Wrapped up in its propensity for darkness is DysLit's saving grace - its potential for hope.  When things have simply become so bad that there doesn't seem to be a point to sink lower to, the only way to go is up.  Further, DysLit typically carries this out through the actions of people - there's no deus ex machina, no miraculous deliverance from the problems of the here and now.  Be it the actions of one person (Time Machine, Equilibrium) or a few (That Hideous Strength, V for Vendetta), the choice to do what's right can have consequences far greater than the initial decision may appear capable of causing. Those consequences may not be immediately apparent, and may come at a great price to the person making the decision (and others), but DysLit can show that doing what's right is worth it no matter the price in a way that other genres often cannot due to its extreme nature.

I do feel there is an over-saturation of DysLit on the market today.  It's possible that this series is somewhat responsible, but a look at Wikipedia's list of DysLit books shows as many have published since 2000 as were published in the previous 100 years, and it started well before Hunger Games came on the scene. So, if you're looking for something in this genre to read, I'd recommend this series, for all the reasons I listed above.  You could do far worse.

And frankly, one series is enough for me - I'm not going to read more just so I can have a more informed opinion on the genre.  That's for the professionals, and my semi(not)professional opinion has been made.

That being said, I'm going to go write a story to share with you all next Tuesday. I'm not giving away anything, so you'll just have to wait.  May the odds be ever in your favour, ciao!


  1. I think the other reason people write Dystopian novels is as a warning. They realize what direction our society could be headed, and they're hoping to perhaps stop or postpone a future no one wants to be a part of.

    Anytime something gains a little popularity, the market is flooded with it. Harry Potter brought tons of magic-related books, Twilight brought on vampires, and the Hunger Games has been at the forefront of a Dystopian boom. Now Dystopian is dying down to be taken over by the zombie craze. Genre popularity goes in cycles. Dystopian will fade out, only to have another boom somewhere down the road.

    And there are plenty of other Dystopian novels and series worth reading. There are some even that should be read. Fahrenheit 451, 1984, and/or Brave New World are all examples of great, thought-provoking Dystopian novels that should be required reading.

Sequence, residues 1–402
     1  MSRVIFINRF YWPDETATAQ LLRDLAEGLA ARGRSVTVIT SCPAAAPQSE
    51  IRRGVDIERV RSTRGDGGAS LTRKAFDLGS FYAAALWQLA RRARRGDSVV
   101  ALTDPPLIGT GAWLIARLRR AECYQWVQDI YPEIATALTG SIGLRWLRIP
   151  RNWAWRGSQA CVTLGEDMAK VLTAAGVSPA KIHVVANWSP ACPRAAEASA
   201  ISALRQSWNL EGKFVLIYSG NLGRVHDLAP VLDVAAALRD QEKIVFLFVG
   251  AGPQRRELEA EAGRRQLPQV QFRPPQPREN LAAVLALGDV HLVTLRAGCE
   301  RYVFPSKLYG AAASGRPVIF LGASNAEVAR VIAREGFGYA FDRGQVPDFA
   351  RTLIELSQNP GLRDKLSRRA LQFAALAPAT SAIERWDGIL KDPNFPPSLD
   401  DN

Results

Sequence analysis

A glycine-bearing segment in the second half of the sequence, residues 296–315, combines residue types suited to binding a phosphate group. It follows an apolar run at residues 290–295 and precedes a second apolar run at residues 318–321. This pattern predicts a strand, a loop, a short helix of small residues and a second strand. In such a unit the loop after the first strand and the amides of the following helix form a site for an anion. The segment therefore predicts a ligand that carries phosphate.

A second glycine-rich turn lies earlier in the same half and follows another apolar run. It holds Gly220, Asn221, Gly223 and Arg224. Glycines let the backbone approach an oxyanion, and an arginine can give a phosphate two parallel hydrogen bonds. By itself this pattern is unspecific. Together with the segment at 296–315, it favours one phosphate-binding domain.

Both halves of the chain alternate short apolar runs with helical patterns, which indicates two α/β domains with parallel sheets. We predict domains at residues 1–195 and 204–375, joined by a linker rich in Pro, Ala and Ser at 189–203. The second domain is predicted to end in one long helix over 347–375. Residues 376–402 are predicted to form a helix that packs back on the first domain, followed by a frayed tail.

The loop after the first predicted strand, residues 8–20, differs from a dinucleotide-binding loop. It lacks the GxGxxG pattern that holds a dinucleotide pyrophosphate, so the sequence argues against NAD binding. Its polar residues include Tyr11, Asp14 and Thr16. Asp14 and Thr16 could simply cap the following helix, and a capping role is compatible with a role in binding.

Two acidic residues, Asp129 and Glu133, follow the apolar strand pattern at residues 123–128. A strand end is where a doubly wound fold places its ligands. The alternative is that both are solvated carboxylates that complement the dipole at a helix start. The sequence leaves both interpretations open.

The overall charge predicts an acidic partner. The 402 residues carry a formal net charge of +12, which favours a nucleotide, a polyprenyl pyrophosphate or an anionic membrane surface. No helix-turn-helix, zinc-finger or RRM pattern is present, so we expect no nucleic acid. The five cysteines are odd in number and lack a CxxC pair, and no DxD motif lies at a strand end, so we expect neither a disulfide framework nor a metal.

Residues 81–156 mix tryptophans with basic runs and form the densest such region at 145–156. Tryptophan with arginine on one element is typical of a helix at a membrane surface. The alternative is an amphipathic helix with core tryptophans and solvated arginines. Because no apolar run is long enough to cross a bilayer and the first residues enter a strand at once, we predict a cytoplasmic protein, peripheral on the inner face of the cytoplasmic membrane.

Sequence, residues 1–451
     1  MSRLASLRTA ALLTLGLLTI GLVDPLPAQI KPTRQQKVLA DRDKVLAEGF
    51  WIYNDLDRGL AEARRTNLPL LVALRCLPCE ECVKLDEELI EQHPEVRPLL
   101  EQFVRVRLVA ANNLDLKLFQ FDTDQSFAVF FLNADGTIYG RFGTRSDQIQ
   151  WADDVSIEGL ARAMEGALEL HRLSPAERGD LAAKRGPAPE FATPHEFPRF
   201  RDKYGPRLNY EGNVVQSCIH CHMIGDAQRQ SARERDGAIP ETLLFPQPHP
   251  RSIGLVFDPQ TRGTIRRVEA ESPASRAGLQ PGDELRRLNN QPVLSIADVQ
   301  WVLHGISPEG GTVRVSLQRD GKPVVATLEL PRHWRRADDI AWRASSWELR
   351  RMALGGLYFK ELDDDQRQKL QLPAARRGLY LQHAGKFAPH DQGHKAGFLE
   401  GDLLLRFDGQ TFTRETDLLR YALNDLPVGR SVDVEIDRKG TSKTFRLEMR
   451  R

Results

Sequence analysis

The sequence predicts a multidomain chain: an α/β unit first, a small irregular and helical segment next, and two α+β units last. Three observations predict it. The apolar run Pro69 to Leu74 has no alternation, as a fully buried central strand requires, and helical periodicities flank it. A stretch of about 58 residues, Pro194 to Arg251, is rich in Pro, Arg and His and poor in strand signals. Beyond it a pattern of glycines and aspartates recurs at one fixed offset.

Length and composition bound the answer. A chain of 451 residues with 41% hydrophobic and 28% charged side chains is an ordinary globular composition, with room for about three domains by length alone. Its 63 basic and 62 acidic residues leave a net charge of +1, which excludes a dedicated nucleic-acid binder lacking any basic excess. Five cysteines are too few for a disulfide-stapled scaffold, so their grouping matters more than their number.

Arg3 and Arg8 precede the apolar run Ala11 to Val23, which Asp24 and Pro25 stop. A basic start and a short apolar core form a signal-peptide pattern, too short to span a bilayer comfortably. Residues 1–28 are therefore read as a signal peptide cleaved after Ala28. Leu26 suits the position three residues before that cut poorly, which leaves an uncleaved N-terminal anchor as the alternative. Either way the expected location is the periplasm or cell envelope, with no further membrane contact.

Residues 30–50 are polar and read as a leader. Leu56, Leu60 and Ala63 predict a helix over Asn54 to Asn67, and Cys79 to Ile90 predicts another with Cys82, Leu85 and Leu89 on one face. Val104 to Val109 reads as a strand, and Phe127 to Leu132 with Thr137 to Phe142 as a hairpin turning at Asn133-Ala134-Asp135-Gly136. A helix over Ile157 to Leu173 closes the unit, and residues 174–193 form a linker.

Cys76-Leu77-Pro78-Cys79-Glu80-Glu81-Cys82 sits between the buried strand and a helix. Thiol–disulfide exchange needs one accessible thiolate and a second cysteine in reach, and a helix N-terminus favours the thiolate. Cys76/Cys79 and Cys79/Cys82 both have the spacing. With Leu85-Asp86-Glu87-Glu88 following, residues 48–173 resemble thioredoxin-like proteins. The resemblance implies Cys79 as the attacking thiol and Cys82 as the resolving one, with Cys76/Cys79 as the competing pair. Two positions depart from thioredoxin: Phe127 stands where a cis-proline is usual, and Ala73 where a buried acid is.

2. Along similar lines, the more stressed and unhappy America is, the more we like to focus on darker subject matters that reflect our overall mood - e.g. DysLit and Post-Apocalyptic scenarios such as zombie outbreaks, nuclear war, "Big Brother", etc. Hence the success Boris Karloff had in the 30's during the Great Depression; followed by the many giant bug and space monster films of the late 50's and early 60's, leading up to the Civil Rights Movement and Vietnam War protests; and now with the "Great Recession" or whatever they're calling it at the moment.

    Because of this, you can predict the general mood of the public at any given time with a fair degree of accuracy by observing the literature they're reading (required readings excluded). Unfortunately, so can the publishers, which is why there's now a section in many bookstores called "Teen Paranormal Romance".

    As for my statement about not reading further series in the genre, I did not intend for that to be read as a dismissal of those works which are considered classics. The problem with market saturation is what the market is saturated /with/. Those publishers who are more concerned with a quick profit than with printing quality literature release these as quickly as possible in order to take advantage of the popularity boom before it peters out. As a result, much of what's on the market consists of poorly formed, badly written, and deplorably unedited works, little better than glorified fanfiction of the genre itself, if not a specific work. There are good examples of fanfiction, but there are far more BAD examples, and I'd rather wait to see what sticks after the public's fascination has moved to another genre. I do plan to read the classics as I do see value in them, I'm just not going to hop on the "doom wagon".